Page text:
We’re Getting There

It feels like, in 2021, we no longer live in reality and time is meaningless. It’s also really hard to be a half-decent parent when those are the best words I can use to describe life right now. But we’re all managing, aren’t we?

We survived March 2020; we survived lockdowns, false starts, more lockdowns, general confusion about if we’re locked down or not… And here we are, squinting at the sun while wondering if we should stumble outside and try it one more time, unsure if we feel safe or in danger, and still just trying to be a good parent throughout it all.

Draining, isn’t it?

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Yet we go on, because as parents, there’s no other option. Resilience is sort of our thing from the get-go. Which reminds me, I need to respond to about eight different emails from my kids’ schools, cut some fingernails and toenails (mental note: I should probably check my own at some point here), and good god is it safe to leave the house yet or not?

Who knows? Everything is just a big ‘who knows?’ as we navigate what feels like Year 30 of the virus, as we do weird dances to indicate that we can wear a mask if you feel it’s okay but we’re okay if you don’t if you’re okay with that and are okay with us being okay with that, and here I’ll place my big toe—ignore the long nails, I have children—inside your doorway as a polite way of saying do we go inside each other’s houses anymore?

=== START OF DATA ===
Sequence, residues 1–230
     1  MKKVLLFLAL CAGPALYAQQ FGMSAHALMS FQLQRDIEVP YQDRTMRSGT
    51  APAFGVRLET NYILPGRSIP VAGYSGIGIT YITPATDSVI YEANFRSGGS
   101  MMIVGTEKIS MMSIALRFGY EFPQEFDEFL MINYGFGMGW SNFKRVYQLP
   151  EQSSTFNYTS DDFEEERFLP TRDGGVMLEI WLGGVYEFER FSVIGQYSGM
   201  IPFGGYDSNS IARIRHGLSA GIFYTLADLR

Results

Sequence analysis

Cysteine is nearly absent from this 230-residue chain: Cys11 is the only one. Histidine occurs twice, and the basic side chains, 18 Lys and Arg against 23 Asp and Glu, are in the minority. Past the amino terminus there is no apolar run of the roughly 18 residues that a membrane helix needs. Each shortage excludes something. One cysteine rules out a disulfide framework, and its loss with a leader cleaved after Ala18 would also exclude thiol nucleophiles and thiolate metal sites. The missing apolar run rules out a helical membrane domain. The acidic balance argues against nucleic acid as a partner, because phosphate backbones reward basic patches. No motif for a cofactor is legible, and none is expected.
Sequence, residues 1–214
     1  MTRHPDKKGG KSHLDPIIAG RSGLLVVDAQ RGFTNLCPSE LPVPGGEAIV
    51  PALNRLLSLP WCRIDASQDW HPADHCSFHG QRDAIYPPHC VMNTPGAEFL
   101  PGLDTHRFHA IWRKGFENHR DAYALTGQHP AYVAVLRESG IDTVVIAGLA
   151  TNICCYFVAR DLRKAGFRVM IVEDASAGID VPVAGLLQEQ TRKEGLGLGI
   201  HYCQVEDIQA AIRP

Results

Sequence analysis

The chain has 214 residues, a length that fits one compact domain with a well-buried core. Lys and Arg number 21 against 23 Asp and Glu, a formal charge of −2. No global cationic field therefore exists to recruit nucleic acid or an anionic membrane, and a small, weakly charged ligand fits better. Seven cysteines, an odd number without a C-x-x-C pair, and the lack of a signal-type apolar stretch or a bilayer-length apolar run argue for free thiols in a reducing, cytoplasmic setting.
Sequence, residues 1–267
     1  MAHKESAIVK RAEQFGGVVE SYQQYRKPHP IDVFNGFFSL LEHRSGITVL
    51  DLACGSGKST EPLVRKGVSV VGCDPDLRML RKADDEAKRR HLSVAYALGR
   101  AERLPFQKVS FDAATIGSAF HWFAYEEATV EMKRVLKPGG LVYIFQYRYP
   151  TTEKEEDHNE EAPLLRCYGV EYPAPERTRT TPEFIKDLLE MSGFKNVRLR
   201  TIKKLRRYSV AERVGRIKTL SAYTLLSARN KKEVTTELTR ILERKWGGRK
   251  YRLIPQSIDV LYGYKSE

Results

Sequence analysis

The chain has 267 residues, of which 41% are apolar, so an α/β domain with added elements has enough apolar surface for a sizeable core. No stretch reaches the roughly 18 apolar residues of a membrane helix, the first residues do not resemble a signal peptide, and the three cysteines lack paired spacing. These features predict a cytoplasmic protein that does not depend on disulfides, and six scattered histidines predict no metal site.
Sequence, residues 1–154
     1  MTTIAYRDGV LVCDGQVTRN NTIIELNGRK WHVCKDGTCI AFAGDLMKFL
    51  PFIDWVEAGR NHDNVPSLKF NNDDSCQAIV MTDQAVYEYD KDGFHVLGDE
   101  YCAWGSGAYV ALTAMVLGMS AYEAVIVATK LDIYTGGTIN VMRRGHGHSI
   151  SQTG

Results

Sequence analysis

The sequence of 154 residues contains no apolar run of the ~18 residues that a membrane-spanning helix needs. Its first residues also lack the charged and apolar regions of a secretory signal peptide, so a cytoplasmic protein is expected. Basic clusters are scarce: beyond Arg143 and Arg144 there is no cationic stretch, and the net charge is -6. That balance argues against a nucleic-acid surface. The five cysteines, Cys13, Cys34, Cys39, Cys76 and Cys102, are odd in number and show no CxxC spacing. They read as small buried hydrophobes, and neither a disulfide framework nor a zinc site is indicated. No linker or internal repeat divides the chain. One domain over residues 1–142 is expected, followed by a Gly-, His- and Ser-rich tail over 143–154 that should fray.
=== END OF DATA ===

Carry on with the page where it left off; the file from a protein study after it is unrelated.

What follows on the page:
It’s life on planet COVID, where everything is just a bit vague, a bit uncomfortable, a bit new. A bit uneasy. And a bit crappy: the family restaurant downtown that’s been there forever and my two older kids grew up in during regular visits shut down (cheers to the Island Parent-reading waitress there) weeks ago and I’m still sad over it. Like all parents, I spend a lot of time wondering how the past 18 months are going to impact our kids. My youngest is barely over 2; he doesn’t know a world where we don’t wear a mask to go inside the library. He loves strangers but rarely gets to see their smiles. It’ll happen, I tell myself, this isn’t forever.

But it also isn’t easy. Parents trying to keep it together through all these additional strains know what I’m talking about. The clerks who probably see me a bit too often at the liquor store get it; they probably see a lot of people a bit too often these days. Hey, we’re all doing what we can to get by, as we send our kids off to a pretty scary new school year, sort of half-happy that they’re even going back, everything just one big ball of mixed feelings, reality this forward momentum of getting-there shoulder-shrugging combined with sympathetic smiles and half-hearted sentiments of encouragement.

“We’re getting there,” I mumble to other parents walking past me on the street, and they half-smile, not even making eye contact, shoulders relaxing almost imperceptibly upon hearing those three words.

It’s draining, but we’re getting there.

One day, our kids will look back on all this and laugh, in that awkward way that we do when something is horrible and unreal. To all the parents out there, keep powering through, keep navigating the confusing mixed messages, the clear-as-mud directives, the sense of ennui that is so easy to fall into right now. Two weeks to flatten the curve a year ago; it’s hard to stay positive some days. But you know what? Our kids need us to—full stop.

So grab your kids today, give them a hug, and look right at them with an intensity that blocks out the rest of this bizarre time we’re living in.

After all, we’re getting there.

Greg Pratt
Greg Pratthttp://gregprattfreelancer.blogspot.ca
Greg Pratt is the father of two children and a local journalist and editor. His writing has appeared in, among other places, Today’s Parent, Wired, Revolver, and Douglas.